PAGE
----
- Blue, 1500 points or more
Folks, I need some clarification on this.
I have a question regarding architecture and a "simple" implementation.
here is the set up:
I have a router and its fa0/0 interface is connected to a catOS L3 switch's 9/1 port.
Here are the pertinent configs:
interface vlan 21
ip address 10.27.21.3 255.255.255.0
set vlan 21 9/1
SO, PORT 9/1 IS IN VLAN 21.
ip address 10.27.21.4 255.255.255.0
OK, so whats the big deal, right?
I want to know if this ethernet connection between the L3 switch and the router is considered a layer 2 or layer 3 connection.
My answer would be that it is a layer 3, routed connection because port 9/1 was placed in vlan 21 and vlan 21's layer 3 (SVI) interface was configured on the switch's MSFC. Right? So, its like creating a point-to-point link in which port 9/1 would have the host address of .3 (vlan inerface address on the MSFC) and the router would be .4 In fact, we could have used a /30 subnet mask instead of the /24.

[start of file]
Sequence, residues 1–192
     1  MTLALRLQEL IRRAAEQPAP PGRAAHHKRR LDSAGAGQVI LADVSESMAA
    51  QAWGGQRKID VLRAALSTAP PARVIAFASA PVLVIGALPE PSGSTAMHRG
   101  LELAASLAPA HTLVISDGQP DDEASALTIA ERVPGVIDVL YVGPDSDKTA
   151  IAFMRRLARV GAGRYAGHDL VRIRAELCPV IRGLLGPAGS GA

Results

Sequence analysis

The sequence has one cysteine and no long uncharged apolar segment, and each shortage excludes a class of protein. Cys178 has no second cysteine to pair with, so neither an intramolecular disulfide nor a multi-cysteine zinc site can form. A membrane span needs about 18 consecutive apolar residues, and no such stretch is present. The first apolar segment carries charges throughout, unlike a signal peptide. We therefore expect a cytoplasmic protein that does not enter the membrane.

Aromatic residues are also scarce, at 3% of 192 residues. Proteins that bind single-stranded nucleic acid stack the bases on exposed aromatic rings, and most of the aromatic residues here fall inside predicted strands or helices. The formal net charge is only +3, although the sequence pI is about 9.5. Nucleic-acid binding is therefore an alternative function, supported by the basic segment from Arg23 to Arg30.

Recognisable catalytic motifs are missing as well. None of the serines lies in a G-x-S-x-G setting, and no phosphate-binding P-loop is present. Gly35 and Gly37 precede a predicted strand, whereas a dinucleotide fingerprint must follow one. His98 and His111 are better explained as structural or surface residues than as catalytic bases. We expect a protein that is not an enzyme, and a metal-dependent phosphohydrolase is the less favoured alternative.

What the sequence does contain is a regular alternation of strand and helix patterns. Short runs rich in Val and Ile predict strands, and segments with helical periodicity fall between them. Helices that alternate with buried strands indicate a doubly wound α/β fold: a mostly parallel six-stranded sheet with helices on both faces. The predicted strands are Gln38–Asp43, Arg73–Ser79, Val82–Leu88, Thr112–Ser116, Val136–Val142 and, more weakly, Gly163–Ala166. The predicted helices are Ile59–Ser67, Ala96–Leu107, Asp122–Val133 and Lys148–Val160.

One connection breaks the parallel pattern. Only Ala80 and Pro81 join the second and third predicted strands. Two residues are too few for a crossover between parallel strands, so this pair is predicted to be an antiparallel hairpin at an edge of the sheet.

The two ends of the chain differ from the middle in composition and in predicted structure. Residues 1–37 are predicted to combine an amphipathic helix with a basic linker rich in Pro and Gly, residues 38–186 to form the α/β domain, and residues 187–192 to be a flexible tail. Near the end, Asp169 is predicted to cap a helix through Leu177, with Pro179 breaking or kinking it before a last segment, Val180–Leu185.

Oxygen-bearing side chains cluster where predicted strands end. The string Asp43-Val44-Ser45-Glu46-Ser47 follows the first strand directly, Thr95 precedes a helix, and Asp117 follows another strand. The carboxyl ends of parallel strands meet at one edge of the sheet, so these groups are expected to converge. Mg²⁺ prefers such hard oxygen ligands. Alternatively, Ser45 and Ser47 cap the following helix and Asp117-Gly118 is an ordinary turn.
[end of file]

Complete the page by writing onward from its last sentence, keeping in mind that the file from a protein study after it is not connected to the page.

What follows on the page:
Here is where I need clarification: Lets say I DID use a /24, instead of the /30, and then I added 3 more ports to vlan 21 and connected those 3 ports -- say, 9/2, 9/3 and 9/4 -- to 3 other routers. Now, in the previous example, we said that port 9/1 would take on the IP address of .3, but now I have added 3 more ports to that vlan and have connected them to 3 different routers. So, what IP addresses would those ports assume??? After all, I only have 1 vlan 21 interface configured on the MSFC (as well I should), so what about ports 9/2-3-and 4? What IP addresses do they assume??
Or could it be that I am looking at it the wrong way? I mean, yes, the links would be considered layer 3, ethernet links between the L3 switch and all the routers, but the switch ports (9/1-4) should not be viewed as having "adopted" any IP address. Does that make any sense? If so, how SHOULD I be looking at those port's IP characteristics?
Thank you for your help